This fall there is a new flock of nine turkeys that circulate through our neighborhood, snooping down our street every other day. Their core must come from the ones that nested on the butte above our home this past spring. The turkey chicks that left the nest in April are now the size of their parents. We are not sure what they find to eat in their foraging; hope their menu includes slugs and snails.
All our garden hoses are rolled up and watering timers put away. I haven’t drained the mower yet because the warm fall might keep grass growing for another few weeks. The zucchini in the garden yielded their last three fingers as I pulled the vines up for compost. I like zucchini because they don’t have to ripen; they taste good from peanut size on.
Working in the garden along the street creates opportunity to talk to neighbors who walk by. It is interesting how folks seem comfortable asking about what I’m growing or comment on the nice pea trellis I have. It would seem that gardening in front of your home is a basic, ancient form of social media.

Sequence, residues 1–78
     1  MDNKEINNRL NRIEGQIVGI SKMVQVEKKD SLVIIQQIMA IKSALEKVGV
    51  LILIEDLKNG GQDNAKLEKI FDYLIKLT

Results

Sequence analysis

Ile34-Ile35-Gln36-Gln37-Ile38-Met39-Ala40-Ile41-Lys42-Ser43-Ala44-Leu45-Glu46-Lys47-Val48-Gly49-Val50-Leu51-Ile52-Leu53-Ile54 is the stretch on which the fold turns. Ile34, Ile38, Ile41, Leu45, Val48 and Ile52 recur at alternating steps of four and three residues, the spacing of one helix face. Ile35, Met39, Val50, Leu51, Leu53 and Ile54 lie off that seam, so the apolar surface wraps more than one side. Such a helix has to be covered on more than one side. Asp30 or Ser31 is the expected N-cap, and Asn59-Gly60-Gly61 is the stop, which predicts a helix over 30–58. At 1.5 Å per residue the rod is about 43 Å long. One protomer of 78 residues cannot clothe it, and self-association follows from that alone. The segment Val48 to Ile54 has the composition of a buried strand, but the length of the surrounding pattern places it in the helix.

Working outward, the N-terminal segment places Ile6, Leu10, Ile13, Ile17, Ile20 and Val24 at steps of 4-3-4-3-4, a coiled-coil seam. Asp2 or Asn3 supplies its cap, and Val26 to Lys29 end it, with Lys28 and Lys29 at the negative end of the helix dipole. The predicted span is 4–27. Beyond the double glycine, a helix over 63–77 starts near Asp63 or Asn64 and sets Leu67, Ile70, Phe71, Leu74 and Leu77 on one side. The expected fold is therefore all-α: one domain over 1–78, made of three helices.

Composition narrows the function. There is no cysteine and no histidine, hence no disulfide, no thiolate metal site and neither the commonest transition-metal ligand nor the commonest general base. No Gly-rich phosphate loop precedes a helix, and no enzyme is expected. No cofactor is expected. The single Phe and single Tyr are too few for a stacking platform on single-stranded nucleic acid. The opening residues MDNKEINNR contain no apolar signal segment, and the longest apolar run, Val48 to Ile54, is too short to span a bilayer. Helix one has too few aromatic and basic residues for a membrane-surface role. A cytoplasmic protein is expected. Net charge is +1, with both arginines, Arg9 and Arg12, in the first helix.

Leaves fall from our broadleaf trees in November having gone through their best colors in October. Parasites and symbionts like the gall wasps on oaks and tar spot fungi in bigleaf maple will wait out their dormant stage in decaying leaves on the ground. If the leaves get raked up, their life cycle is broken.